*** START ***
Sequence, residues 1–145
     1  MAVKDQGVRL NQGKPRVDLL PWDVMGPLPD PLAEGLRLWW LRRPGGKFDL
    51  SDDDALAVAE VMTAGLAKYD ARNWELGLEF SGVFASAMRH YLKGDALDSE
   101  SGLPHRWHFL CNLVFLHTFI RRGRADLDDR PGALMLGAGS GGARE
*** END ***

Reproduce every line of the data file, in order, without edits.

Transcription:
Sequence, residues 1–145
     1  MAVKDQGVRL NQGKPRVDLL PWDVMGPLPD PLAEGLRLWW LRRPGGKFDL
    51  SDDDALAVAE VMTAGLAKYD ARNWELGLEF SGVFASAMRH YLKGDALDSE
   101  SGLPHRWHFL CNLVFLHTFI RRGRADLDDR PGALMLGAGS GGARE